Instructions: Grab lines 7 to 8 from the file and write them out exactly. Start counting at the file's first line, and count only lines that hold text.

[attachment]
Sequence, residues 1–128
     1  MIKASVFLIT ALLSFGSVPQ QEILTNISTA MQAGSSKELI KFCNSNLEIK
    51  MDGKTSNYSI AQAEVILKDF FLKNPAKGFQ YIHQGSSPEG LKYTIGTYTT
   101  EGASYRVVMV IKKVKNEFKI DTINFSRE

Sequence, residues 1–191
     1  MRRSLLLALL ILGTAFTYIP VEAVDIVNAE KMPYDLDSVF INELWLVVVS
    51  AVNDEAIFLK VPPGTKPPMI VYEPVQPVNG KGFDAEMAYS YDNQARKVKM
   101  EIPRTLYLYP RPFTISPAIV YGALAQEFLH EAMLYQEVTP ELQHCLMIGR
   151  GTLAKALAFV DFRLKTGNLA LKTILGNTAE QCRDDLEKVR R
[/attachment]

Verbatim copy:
    51  AVNDEAIFLK VPPGTKPPMI VYEPVQPVNG KGFDAEMAYS YDNQARKVKM
   101  EIPRTLYLYP RPFTISPAIV YGALAQEFLH EAMLYQEVTP ELQHCLMIGR